Samuel Taylor Coleridge
To A Young Lady, With A Poem On The French Revolution
Much on my early youth I love to dwell,
Ere yet I bade that friendly dome farewell,
Where first, beneath the echoing cloisters, pale,
I heard of guilt and wondered at the tale!
Yet tho' the hours flew by on careless wing,
Full heavily of sorrow would I sing.
Aye as the star of evening flung its beam
In broken radiance on the wavy stream,
My soul amid the pensive twilight gloom
Mourned with the breeze, O, Lee Boo! o'er thy tomb.
Where'er I wanderd, pity still was near,
Breathed from the heart and glistened in the tear:
No knell that tolled, but filled my anxious eye,
And suffering nature wept that one should die!
Thus to sad sympathies I soothed my breast,
Calm, as the rainbow in the weeping west:
When slumb'ring freedom roused by high disdain
With giant fury burst her triple chain!
Fierce on her front the blasting dog-star glowed;
Her banners like a midnight meteor flowed;
Amid the yelling of the storm-rent skies
She came, and scattered battles from her eyes!
Then exultation waked the patriot fire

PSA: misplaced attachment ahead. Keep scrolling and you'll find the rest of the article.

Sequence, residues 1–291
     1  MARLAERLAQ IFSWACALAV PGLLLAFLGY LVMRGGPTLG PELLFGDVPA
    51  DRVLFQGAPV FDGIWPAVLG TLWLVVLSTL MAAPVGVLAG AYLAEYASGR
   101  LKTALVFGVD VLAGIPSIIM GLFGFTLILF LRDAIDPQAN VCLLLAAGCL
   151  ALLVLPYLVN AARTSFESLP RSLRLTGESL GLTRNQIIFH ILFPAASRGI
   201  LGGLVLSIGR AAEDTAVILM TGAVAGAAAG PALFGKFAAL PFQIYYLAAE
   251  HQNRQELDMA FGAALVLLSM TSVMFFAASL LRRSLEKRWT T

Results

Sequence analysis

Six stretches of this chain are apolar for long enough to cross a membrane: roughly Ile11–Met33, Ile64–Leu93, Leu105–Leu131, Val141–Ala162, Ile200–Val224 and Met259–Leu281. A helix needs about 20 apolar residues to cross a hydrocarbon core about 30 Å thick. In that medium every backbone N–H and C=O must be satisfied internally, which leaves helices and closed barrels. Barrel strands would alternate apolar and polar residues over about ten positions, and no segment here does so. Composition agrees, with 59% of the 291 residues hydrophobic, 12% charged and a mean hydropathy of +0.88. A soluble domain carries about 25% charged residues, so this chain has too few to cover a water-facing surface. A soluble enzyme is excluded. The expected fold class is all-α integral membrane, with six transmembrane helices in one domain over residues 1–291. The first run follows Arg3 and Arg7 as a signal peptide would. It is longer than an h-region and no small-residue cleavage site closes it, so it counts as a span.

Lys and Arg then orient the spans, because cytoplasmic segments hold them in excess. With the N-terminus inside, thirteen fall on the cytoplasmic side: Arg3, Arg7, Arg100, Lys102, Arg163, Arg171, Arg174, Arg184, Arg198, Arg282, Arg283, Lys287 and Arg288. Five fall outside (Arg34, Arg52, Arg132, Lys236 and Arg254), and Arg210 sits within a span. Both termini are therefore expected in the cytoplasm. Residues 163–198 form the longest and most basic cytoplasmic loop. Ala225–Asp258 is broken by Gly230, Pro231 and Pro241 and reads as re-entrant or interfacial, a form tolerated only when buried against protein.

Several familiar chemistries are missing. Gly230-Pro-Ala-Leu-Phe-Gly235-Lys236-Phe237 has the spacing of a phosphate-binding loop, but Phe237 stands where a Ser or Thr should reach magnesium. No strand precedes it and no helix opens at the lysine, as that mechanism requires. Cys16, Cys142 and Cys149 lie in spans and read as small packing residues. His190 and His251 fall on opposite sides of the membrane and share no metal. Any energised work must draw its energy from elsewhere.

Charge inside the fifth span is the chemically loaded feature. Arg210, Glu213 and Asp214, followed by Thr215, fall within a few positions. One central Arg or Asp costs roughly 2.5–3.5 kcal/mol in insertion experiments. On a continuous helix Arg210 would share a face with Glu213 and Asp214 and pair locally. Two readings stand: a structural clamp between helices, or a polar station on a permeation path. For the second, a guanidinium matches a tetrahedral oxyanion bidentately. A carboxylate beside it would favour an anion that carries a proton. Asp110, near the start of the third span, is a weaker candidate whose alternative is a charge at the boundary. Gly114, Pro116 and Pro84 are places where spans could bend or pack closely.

And swept with wilder hand the Alcaean lyre:
Red from the tyrant's wound I shook the lance,
And strode in joy the reeking plains of France!
Fall'n is th' oppressor, friendless, ghastly, low,
And my heart aches tho' mercy struck the blow.
With wearied thought once more I see the shade,
Where peaceful virtue weaves the myrtle braid.
And O! if eyes, whose holy glances roll,
Swift messengers, and eloquent of soul;
If smiles more winning, and a gentler mien,
Than the love-wildered maniac's brain hath seen
Shaping celestial forms in vacant air,
If these demand th' impassioned poet's care--
If mirth, and softened sense, and wit refined,
The blameless features of a lovely mind;
Then haply shall my trembling hand assign
No fading wreath beauty's saintly shrine.
Nor, Sara! thou these early flowers refuse----
Ne'er lurked the snake beneath their simple hues,
No purple bloom the child of nature brings
From flatt'ry's night-shade: as he feels, he sings.
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